Faithlife Sermons

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Introduction:
If you have your Bibles let me invite you to open with me to the book of Acts chapter 11.
When Jesus began his preaching ministry he proclaimed “the kingdom of God is at hand”
He presented a new vision for human flourishing in the world.
He painted a beautiful picture of community in which the poor in spirit would inherit the kingdom of heaven, those who morn would be comforted, those who are meek should have the greater inheritance.
Those who hunger and thirst for righteousness would be satisfied.
In his earthly ministry he made a promise.
“I will build my church”
God the Son came first to build the church by dying for her.
He was sent into the world to take on himself the punishment of sinners… but that was only the beginning.
He rose again… and he continued to fulfill his promise that he would build his church.
He did so by pouring out His Spirit.
His Spirit would make people new.
His Spirit would change hearts and empower the creation and the spread of His church.
His Spirit would guide his people to fulfill his commission.
Listen to how Peter puts it in his opening sermon to the Christian movement.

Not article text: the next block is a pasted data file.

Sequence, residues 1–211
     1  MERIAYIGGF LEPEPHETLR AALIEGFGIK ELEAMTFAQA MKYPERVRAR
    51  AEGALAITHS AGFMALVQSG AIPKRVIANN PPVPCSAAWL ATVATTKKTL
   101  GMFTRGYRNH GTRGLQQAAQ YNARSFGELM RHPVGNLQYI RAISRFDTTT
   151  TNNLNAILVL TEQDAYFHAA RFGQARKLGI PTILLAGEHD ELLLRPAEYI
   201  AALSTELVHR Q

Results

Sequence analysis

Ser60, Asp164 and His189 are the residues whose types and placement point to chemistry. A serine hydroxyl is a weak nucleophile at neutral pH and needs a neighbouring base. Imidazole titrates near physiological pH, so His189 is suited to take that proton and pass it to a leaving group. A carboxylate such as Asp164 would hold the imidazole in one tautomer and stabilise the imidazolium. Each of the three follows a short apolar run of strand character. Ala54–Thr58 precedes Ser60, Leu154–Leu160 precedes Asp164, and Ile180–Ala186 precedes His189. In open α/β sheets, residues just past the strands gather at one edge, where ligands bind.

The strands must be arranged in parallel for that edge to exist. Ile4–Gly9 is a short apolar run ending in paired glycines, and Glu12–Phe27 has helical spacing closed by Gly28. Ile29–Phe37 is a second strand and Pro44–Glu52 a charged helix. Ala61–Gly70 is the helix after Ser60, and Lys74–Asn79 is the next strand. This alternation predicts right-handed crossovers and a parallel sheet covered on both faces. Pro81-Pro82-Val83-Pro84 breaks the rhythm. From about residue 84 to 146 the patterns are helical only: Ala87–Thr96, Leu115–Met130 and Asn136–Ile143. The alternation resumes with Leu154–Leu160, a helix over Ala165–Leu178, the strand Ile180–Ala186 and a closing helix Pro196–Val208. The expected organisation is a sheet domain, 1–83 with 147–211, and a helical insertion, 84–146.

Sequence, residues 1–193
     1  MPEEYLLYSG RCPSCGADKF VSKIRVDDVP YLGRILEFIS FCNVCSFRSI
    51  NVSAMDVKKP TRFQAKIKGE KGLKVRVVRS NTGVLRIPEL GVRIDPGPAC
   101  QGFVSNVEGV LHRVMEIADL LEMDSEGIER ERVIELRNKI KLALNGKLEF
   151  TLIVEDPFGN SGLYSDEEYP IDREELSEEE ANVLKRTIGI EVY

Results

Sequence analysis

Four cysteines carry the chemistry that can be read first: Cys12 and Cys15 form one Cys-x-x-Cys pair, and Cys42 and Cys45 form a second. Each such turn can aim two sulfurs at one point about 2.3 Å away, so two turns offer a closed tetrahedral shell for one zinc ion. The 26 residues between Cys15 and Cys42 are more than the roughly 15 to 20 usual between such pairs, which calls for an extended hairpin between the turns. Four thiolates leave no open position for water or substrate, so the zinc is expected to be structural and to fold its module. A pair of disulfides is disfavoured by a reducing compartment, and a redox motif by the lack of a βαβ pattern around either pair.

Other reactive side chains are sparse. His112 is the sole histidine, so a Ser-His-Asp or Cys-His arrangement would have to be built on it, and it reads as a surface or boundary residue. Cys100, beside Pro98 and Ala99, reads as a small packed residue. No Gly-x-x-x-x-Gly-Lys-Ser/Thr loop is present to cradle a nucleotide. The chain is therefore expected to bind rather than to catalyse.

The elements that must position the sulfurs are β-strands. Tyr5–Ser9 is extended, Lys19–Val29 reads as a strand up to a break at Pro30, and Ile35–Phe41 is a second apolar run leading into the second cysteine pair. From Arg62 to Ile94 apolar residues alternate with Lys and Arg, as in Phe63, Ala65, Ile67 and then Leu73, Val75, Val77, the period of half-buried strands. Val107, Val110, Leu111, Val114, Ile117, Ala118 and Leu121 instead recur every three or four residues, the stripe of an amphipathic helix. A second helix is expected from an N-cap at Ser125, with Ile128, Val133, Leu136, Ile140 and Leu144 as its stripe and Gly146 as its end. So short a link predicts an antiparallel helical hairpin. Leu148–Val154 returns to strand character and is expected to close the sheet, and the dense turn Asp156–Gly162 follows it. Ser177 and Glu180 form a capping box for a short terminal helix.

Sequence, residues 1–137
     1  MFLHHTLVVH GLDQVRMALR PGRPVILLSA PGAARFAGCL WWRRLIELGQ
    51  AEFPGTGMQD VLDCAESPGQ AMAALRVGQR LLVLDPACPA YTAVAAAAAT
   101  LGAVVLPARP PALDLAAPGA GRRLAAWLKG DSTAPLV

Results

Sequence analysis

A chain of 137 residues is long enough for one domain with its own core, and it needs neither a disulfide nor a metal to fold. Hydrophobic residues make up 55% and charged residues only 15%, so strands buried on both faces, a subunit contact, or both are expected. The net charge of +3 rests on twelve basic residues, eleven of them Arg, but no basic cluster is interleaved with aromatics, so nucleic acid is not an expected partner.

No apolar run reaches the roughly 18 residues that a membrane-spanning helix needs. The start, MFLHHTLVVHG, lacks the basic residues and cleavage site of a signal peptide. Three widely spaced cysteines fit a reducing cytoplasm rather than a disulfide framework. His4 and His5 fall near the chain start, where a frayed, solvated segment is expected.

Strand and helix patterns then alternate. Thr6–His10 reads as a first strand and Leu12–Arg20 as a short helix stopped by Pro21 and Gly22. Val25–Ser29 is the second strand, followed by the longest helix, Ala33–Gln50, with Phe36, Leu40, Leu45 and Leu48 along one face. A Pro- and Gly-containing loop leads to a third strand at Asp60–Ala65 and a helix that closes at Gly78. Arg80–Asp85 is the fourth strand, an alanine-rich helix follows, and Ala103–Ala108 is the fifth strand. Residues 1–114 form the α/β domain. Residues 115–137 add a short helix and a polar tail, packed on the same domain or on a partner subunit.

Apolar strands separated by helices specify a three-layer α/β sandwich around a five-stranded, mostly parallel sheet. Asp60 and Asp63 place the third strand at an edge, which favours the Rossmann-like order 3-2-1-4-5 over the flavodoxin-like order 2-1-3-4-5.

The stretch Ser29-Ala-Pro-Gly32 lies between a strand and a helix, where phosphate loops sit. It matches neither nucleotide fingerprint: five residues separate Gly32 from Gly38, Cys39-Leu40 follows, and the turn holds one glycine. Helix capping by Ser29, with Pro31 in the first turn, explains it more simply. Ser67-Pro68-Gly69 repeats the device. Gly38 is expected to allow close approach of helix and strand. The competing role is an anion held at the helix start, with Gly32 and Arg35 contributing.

That is the age we are now living in.
The Spirit of God is at work in us and through us to build Christ’s church To the ends of the earth until he returns.
The book of Acts is all about what Jesus continued to do through his Spirit after his death, resurrection, and ascension back to the throne room of heaven.
This book gives us these beautiful snap shots of what the kingdom building work looked like.
We first see the church building project taking place in Jerusalem.
In Acts 2.
This is Jesus’ vision for human flourishing coming to life in a spirit-filled people gathering together in his church.
but just as he promised… things would not continue this way without tribulation.
Persecution scattered these new Christians out of the city of Jerusalem all over the empire and especially to the city of Antioch.
We have been looking at the church at Antioch now for 3 weeks.
Acts 11 and Acts 13 give us snapshot pictures of this newly planted church which resulted from the persecution in Jerusalem.
Many people in Antioch, both Jews and Gentiles.., had believed and turned to the Lord Jesus.
Barnabas was a leader in the church at Jerusalem and he was sent from Jerusalem to check on the legitimacy of the Christian movement in Antioch.
Barnabas marveled at what he saw when he arrived In Antioch.
He saw the grace of God in the new church and he was glad.
Not only did he validate the legitimacy of the movement…, he was compelled to stay and help with the new church.
They needed discipleship.
So he recruited Paul to actually move from Tarsus..., and they stayed in Antioch making disciples for a whole year.
We pick up at the end of that year of discipling in verse 27
Lets pray
Things are going good in Antioch.
People are coming to faith.
Supernatural unity is being experienced.
They have perhaps some of the best teachers in Christian history.
People’s lives are being totally transformed so much so that the the city has given them the new name: Christians or “little Christs”